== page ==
Estradiol (Transdermal Patch)
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 BRAND NAMES
 MECHANISM OF ACTION
Estradiol is the principal intracellular human estrogen and is substantially more potent than its metabolites, estrone and estriol, at the receptor level. The primary source of estrogen in normally cycling adult women is the ovarian follicle. At menopause the ovaries cease to secrete estradiol and most endogenous estrogen is produced by conversion of androstenedione, secreted by the adrenal cortex, to estrone by peripheral tissues.
The rapid decline in endogenous estrogen production that occurs during menopause is associated with symptoms such as sweating, hot flushes and sleep disturbance. A couple of years after menopause, increasing numbers of women also report symptoms of urogenital estrogen deficiency such as vaginal dryness, genital pruritus, dyspareunia, dysuria and urinary urgency. Low estrogen levels is associated also with significant bone loss and increased risk for fragility fracture.
The estradiol from the Transdermal Patch replaces the missing or decreasing endogenous estrogen production.
- Treatment of moderate to severe vasomotor symptoms associated with the menopause.
- Treatment of moderate to severe symptoms of vulvar and vaginal atrophy associated with the menopause. When prescribing solely for the treatment of symptoms of vulvar and vaginal atrophy, topical vaginal products should be considered.
- Treatment of hypoestrogenism due to hypogonadism, castration or primary ovarian failure.
- Prevention of postmenopausal osteoporosis. When prescribing solely for the prevention of postmenopausal osteoporosis, therapy should only be considered for women at significant risk of osteoporosis and non-estrogen medications should be carefully considered.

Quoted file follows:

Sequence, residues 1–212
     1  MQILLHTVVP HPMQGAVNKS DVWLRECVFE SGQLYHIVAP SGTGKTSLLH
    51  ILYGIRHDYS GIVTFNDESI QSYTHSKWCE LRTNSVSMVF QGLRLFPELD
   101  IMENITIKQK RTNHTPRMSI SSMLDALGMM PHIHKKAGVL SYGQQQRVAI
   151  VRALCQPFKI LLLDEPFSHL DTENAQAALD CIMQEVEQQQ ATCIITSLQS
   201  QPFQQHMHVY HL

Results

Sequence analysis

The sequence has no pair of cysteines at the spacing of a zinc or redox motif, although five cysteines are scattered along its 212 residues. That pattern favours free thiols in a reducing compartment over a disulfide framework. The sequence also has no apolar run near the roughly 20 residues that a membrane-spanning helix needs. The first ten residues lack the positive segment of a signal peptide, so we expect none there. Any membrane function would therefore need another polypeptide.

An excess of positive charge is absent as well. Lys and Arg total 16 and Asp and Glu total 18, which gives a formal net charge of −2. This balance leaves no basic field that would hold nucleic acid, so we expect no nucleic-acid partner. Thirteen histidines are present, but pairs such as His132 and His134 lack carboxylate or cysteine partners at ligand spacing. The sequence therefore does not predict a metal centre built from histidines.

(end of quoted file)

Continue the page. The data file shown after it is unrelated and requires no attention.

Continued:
The mainstays for decreasing the risk of postmenopausal osteoporosis are weight bearing exercise, adequate calcium and vitamin D intake, and, when indicated, pharmacologic therapy. Postmenopausal women require an average of 1500 mg/day of elemental calcium to remain in neutral calcium balance. Therefore, when not contraindicated, calcium supplementation may be helpful for women with suboptimal dietary intake. Vitamin D supplementation of 400-800 IU/day may also be required to ensure adequate daily intake in postmenopausal women.
Check the patient information leaflet
When estrogen is prescribed for a postmenopausal woman with a uterus, progestin should also be initiated to reduce the risk of endometrial cancer. A woman without a uterus does not need progestin. Use of estrogen, alone or in combination with a progestin, should be limited to the shortest duration consistent with treatment goals and risks for the individual woman. Patients should be reevaluated periodically as clinically appropriate (e.g., 3-month to 6-month intervals) to determine if treatment is still necessary . For women who have a uterus, adequate diagnostic measures, such as endometrial sampling, when indicated, should be undertaken to rule out malignancy in cases of undiagnosed persistent or recurring abnormal vaginal bleeding.
- Undiagnosed abnormal genital bleeding.
- Known, suspected, or history of cancer of the breast.
- Known or suspected estrogen-dependent neoplasia.
- Active deep vein thrombosis, pulmonary embolism or a history of these conditions.
- Active or recent (e.g., within the past year) arterial thromboembolic disease (e.g., stroke, myocardial infarction).
- Liver dysfunction or disease.
- Known or suspected pregnancy.
 WARNINGS AND PRECAUTIONS
- Cardiovascular Disorders: Estrogen therapies have been associated with an increased risk of cardiovascular events such as myocardial infarction and stroke, as well as venous thrombosis and pulmonary embolism (venous thromboembolism or VTE). If a thrombotic event occurs, therapy should be discontinued immediately.
Risk factors for arterial vascular disease (e.g., hypertension, diabetes mellitus, tobacco use, hypercholesterolemia, and obesity) and/or venous thromboembolism (e.g., personal history or family history of VTE, obesity, and systemic lupus erythematosus) should be managed appropriately.